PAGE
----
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Agriculture

  • Shelby farmer growing his Henry County market for sustainable foods

    CAMPBELLSBURG – Capstone Produce in Campbellsburg was the provider for the recent Forecastle Music Festival in Louisville, and for its owner, Cropper farmer David Neville, this is another step toward bringing locally produced sustainable agriculture into the mainstream conversation.

  • WICHE: Dividing plants improves health, bloom

    We have all asked the question: “Why hasn’t my plant bloomed?”

    Sometimes the answer is as simple as not enough sunlight, not old enough, not cold enough or hot enough, etc. In fact it could be as simple as a little digging and dividing for some renewed blooming attitude.

  • Ag Report: July 20, 2012

    Collins student returns from ag leadership event

    Collins High School student Spencer Hammond recently returned home from Kentucky Farm Bureau’s Institute for Future Agricultural Leaders, where he and 41 other high school students from around the state attended the 5-day summer leadership conference, held in June at the University of Kentucky.

    An identical IFAL conference also was held at Murray State University for an additional 42 students.

  • WICHE: Small ears may mean poor pollination for corn

    I gave up growing corn a long time ago. I figured others can grow it better than I, so why take up the space. I drive by Gallrein Farms in Bagdad twice a week, and their “sweet corn” sign has been hung, so there are no worries. They have the best corn this side of the Mississippi.

  • Shelby County's summer crops aren’t so hot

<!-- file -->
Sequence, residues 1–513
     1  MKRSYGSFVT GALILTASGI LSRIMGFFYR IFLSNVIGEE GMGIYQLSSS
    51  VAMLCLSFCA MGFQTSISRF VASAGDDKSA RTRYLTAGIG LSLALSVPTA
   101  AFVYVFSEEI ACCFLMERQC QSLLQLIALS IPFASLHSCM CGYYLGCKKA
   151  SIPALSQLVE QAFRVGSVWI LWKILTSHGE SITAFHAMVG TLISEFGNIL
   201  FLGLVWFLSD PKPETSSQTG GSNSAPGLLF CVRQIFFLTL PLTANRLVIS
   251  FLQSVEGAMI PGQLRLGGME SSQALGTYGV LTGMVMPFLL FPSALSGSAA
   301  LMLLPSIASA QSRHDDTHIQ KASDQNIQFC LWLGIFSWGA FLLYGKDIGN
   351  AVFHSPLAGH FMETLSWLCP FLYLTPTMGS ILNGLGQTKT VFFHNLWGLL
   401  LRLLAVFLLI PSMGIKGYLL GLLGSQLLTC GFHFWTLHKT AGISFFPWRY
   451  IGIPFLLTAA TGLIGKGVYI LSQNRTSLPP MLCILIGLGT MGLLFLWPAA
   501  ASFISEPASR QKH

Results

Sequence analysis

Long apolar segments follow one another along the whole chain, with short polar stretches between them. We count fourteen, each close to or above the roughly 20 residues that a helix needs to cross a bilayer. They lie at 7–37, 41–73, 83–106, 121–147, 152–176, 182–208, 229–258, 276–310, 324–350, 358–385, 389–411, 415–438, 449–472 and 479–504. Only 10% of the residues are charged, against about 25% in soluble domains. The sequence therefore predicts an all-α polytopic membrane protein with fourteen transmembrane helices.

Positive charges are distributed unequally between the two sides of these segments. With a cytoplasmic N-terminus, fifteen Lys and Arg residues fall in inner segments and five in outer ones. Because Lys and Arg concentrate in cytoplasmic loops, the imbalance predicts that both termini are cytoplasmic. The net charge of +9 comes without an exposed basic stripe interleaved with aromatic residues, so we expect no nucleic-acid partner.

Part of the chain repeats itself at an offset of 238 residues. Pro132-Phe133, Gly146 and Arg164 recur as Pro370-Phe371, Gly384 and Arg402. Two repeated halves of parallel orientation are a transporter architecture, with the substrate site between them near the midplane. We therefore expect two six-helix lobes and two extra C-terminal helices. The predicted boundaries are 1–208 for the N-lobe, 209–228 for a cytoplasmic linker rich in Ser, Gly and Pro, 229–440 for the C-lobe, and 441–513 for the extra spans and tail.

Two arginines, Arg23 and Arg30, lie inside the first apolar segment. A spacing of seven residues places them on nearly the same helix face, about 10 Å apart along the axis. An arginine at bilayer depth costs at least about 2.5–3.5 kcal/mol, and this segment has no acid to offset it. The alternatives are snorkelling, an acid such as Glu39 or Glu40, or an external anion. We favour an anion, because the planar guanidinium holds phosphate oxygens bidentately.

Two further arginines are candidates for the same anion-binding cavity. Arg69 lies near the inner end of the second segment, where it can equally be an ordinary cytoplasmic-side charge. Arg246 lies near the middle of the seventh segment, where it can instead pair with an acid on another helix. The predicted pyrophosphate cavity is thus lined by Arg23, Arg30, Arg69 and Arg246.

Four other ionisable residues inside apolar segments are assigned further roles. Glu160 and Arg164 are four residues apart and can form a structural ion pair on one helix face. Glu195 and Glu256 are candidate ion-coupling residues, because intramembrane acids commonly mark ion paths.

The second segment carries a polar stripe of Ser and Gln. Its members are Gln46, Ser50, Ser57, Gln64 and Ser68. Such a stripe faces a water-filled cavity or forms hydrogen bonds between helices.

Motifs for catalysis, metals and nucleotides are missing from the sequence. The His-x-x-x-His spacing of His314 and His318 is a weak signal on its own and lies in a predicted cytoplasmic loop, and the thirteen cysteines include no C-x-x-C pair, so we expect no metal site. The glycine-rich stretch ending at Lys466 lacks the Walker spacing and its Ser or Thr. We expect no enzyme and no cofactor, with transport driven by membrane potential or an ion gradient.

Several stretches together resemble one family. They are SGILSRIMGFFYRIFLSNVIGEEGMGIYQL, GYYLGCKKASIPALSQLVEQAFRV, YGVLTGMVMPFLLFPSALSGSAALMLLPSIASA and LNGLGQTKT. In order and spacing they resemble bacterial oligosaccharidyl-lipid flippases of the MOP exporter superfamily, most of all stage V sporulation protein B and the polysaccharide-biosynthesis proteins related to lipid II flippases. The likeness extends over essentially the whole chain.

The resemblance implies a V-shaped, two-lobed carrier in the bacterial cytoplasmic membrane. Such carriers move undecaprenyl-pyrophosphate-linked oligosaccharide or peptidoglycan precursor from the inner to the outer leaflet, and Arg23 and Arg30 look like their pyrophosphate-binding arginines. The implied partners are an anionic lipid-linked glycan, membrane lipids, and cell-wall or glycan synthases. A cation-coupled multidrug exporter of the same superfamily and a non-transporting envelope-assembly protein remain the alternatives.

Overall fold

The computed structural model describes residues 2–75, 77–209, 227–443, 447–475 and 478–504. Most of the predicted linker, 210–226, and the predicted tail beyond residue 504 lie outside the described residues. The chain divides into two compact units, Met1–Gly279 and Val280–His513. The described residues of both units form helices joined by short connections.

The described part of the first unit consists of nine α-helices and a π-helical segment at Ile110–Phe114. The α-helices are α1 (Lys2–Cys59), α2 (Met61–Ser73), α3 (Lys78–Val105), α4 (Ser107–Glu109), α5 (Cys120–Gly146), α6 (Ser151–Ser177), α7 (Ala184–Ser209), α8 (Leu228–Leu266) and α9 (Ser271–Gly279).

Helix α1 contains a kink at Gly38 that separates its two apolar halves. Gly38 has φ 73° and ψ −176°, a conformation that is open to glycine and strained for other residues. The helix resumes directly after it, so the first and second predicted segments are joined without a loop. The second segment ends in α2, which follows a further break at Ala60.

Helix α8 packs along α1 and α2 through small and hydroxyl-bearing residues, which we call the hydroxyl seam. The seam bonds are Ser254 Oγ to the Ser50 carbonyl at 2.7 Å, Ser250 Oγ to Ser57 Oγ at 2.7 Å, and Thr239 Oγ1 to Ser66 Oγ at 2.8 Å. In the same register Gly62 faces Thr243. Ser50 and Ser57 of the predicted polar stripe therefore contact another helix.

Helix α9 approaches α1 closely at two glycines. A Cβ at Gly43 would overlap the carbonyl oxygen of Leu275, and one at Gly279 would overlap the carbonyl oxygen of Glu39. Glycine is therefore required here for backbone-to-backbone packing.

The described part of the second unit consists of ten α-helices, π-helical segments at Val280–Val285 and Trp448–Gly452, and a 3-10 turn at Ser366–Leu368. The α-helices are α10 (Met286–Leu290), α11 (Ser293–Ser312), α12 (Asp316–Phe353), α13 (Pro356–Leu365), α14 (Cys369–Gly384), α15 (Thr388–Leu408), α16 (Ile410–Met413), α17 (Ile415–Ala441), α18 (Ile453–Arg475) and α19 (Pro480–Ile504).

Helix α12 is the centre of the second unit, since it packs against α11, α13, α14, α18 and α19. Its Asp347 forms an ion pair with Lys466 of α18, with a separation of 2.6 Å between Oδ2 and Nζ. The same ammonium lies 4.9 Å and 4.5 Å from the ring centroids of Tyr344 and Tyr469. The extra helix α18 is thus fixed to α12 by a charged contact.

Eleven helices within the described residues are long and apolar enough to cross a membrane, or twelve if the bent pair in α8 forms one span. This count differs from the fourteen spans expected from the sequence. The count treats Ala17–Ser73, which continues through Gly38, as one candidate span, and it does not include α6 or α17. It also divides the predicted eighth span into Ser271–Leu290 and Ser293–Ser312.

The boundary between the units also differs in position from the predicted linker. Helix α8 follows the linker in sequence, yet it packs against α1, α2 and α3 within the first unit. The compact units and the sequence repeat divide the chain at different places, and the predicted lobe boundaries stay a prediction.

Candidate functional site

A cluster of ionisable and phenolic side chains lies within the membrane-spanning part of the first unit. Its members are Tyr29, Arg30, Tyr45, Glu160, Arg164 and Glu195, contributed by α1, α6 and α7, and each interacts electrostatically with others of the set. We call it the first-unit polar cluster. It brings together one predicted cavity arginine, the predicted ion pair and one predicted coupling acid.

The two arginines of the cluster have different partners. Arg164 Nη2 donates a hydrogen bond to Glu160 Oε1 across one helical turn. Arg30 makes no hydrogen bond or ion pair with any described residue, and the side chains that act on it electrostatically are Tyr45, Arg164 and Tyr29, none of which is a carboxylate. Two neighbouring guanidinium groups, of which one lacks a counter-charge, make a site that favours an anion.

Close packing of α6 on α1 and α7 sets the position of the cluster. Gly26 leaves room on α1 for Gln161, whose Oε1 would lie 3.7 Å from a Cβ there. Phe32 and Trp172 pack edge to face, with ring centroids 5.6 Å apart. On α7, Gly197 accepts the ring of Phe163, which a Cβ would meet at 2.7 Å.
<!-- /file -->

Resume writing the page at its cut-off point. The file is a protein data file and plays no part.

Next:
Farmers in Shelby County are asking for help getting their crops in this year – and it’s not just for people with strong backs either.

    “If you know any rain dances…or go wash your car, or whatever,” said Leo Young, who operates a farm near Simpsonville. “I’m trying to stay upbeat, but we could use some rain.”

    Recent scorching temperatures coupled with a dearth of moisture have combined to put the local growing season in possible peril.

  • WICHE: Fear not, bamboo can be controlled

    Most of us have learned to fear bamboo. I used to think that the only good place for them was in planting beds that were smack-dab-in-the-middle of parking lots…no chance of a runner reaching your garden in that case.

    It’s the horror stories that stick with us. We usually only hear about the invasive claims about bamboo and how it escaped a neighbor’s yard only to take over your prized perennial bed.

    Well, anything left unchecked can become a problem, and there are ways to contain invasive bamboos; and some that don’t even need it.

  • Ag Report: July 13, 2012

    Ag Commissioner Comer issues alert about crops, animal care

  • Ag Report: July 6, 2012

    Collins student Eades wins state FFA contest

    Sarah Eades, a senior member of the Collins High School FFA, won the state championship for extemporaneous speaking at the convention held at Rupp Arena in Lexington and will advance to the national competition in October in Indianapolis.

  • WICHE: Tomatoes by the 4th of July

    Knock on wood, please, because I may jinx myself by declaring publicly that my tomatoes look awesome. It is the healthiest set of plants and fruit that I can ever remember, honestly.

    The plants are remarkably free of any pest problem, brown or yellowing leaf or rotting fruit. Most are heirloom varieties; they were fertilized once at planting with fish emulsion and immediately mulched with newspaper and pine straw.

  • Ag Report: June 29, 2012

    Law protects wineries, corn mazes